At the UC Kearney Agricultural Research and Extension Center last week, technicians tested a drone that will be used throughout the summer to collect growth data on 600 varieties of sorghum begin produced under different irrigation regimens. With imaging and lidar, the drone collects information on leaf area and biomass in half an hour that would take a full day for a person in the field.
Read more about the sorghum research at Kearney here.
National agricultural policies and research programs should look beyond cutting costs and increasing production and adopt a more holistic approach to farming, according to a 598-page report issued Tuesday by the National Research Council National Academies.
"Many modern agricultural practices have unintended negative consequences, such as decreased water and air quality, and farmers have to consider these consequences while trying to increase production," said Julia Kornegay, chair of the committee that wrote the report and horticulture professor at North Carolina State University, Raleigh. "If farmers are going to meet future demands, the U.S. agriculture system has to evolve to become sustainable and think broadly -- past the bottom line of producing the most possible."
To help achieve a sustainable agriculture system, the committee said four goals should be considered simultaneously:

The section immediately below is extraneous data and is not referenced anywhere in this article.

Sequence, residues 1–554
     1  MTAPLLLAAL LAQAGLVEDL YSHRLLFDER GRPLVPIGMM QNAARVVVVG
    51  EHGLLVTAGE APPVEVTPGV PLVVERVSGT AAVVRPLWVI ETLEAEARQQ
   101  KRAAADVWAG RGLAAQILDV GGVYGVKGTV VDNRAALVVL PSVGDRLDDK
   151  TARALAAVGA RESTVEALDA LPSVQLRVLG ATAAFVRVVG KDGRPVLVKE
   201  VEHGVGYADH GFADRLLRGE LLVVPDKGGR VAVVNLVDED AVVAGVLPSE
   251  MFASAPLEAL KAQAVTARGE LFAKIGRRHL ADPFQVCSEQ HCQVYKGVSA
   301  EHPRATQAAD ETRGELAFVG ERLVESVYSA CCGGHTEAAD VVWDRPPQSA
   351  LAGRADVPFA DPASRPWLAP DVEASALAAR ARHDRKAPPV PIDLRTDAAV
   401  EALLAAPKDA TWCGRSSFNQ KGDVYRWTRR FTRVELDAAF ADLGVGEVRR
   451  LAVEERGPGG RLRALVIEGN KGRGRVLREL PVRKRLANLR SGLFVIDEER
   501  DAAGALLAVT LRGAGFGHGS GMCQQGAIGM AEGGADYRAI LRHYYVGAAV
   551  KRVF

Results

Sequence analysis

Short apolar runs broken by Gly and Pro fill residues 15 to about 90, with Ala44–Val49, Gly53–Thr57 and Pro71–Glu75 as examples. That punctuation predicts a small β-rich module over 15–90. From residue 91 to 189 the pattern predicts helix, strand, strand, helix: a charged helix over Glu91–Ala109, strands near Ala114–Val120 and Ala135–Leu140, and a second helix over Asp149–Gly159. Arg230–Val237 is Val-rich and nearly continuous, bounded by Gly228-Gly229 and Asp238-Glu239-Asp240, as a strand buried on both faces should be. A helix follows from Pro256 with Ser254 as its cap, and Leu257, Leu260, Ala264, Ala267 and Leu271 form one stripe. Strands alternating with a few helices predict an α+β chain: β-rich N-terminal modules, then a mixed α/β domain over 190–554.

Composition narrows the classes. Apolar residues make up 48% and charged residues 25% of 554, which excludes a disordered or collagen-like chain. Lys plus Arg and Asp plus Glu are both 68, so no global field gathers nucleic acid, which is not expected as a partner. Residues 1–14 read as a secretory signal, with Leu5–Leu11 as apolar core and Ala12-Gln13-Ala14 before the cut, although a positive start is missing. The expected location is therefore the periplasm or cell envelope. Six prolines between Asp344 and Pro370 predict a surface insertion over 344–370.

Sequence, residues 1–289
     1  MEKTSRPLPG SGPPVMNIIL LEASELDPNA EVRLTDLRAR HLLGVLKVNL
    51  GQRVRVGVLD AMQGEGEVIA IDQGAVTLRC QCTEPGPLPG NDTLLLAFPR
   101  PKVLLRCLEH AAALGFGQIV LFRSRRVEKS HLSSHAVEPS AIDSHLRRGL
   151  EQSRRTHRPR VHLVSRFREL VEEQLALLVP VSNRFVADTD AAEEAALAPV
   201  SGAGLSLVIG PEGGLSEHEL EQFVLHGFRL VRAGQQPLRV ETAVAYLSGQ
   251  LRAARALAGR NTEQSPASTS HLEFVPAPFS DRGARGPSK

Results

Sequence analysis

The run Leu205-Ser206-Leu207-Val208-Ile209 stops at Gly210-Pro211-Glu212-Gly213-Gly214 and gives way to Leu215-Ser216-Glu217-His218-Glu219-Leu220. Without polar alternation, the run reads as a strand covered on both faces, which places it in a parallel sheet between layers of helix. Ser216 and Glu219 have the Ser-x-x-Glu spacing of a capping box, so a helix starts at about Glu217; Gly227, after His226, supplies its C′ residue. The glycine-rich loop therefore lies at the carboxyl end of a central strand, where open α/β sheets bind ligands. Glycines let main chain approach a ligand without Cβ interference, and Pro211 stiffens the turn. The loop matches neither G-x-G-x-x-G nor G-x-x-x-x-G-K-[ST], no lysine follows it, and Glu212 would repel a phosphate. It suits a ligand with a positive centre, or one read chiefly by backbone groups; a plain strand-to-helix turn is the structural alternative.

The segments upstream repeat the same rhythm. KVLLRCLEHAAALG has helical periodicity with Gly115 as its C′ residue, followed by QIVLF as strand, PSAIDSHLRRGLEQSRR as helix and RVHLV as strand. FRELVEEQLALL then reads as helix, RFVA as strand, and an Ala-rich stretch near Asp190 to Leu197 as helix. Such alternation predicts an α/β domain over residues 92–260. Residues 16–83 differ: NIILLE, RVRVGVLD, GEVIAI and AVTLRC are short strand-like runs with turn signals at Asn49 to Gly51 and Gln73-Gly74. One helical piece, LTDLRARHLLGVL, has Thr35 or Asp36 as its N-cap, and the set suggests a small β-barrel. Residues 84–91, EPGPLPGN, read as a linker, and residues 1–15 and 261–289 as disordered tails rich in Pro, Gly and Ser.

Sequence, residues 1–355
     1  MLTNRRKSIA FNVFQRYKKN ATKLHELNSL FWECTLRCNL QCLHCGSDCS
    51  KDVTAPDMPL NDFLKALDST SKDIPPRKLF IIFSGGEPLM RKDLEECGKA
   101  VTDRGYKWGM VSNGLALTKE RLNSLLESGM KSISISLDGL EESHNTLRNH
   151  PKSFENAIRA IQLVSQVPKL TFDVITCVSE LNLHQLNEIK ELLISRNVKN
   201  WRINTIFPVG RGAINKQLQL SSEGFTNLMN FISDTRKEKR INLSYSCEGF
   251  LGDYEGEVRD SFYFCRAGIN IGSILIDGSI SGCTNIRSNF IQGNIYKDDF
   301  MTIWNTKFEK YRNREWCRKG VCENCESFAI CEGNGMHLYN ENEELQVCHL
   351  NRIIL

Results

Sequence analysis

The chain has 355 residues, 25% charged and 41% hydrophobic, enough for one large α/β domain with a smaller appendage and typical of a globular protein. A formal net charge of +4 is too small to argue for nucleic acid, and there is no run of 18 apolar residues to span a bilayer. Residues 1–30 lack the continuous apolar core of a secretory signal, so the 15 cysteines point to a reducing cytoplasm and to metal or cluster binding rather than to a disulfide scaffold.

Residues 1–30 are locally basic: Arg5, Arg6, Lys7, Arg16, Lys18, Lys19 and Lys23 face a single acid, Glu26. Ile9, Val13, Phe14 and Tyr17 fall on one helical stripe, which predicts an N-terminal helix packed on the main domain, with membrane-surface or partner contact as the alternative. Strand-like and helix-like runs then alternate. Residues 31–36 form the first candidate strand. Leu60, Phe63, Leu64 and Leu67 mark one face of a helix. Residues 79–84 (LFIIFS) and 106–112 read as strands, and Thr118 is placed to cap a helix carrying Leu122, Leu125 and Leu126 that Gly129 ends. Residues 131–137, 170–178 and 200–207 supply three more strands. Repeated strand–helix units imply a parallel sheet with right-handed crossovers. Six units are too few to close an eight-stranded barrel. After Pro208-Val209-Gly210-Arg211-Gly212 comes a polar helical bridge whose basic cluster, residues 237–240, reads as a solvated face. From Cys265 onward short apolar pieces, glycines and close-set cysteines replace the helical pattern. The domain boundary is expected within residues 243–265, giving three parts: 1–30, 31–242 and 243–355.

- satisfy human food, fiber, and feed requirements, and contribute to biofuels needs
- enhance environmental quality and the resource base
- maintain the economic viability of agriculture
- improve the quality of life for farmers, farm workers and society as a whole
While most current research is aimed at solving a particular problem, the authors say there is a need for a broader, integrated approach to ag research. The report suggests more research be conducted into the effectiveness and consequences of such practices as reduced tillage, planting cover crops and diversifying crops on individual farms.
The 16-member committee that authored the report included one ANR scientist, Deanne Meyer, a livestock specialist at UC Davis.
Secretary of State Hillary Clinton acknowledged the contribution of UC research in combating world hunger in a speech yesterday honoring the winners of the 2010 World Food Prize.
The president of Bread for the World, David Beckmann, and president of Heifer International, Jo Luck, were honored by the State Department for expanding their grassroots organizations and bringing help to the world's hungry.
Bread for the World is a Christian advocacy organization that presses lawmakers to support anti-hunger policies. Heifer International brings food and income producing animals to extremely poor families around the globe.
In her presentation, titled "Remove the Barriers, Remove the Fear of Sharing," Clinton recounted a litany of work by U.S. scientists to feed the world.
"In South and Southeast Asia, we’re seeing good research being done on rice, and with our support, research at UC-Davis and the International Rice Research Institute are developing strains of rice that thrive even when they have been submerged in water," Clinton said, according to the speech text published on the State Department website.
Clinton noted that the federal government supports agricultural research and extension with funding to benefit farmers and consumers worldwide.
"Some of this is not expensive, like no-till farming, which has been adopted by thousands of farmers in Asia with help from the United States. And there is so much that we can do in conveying information about what works as well as investing in new answers," Clinton said.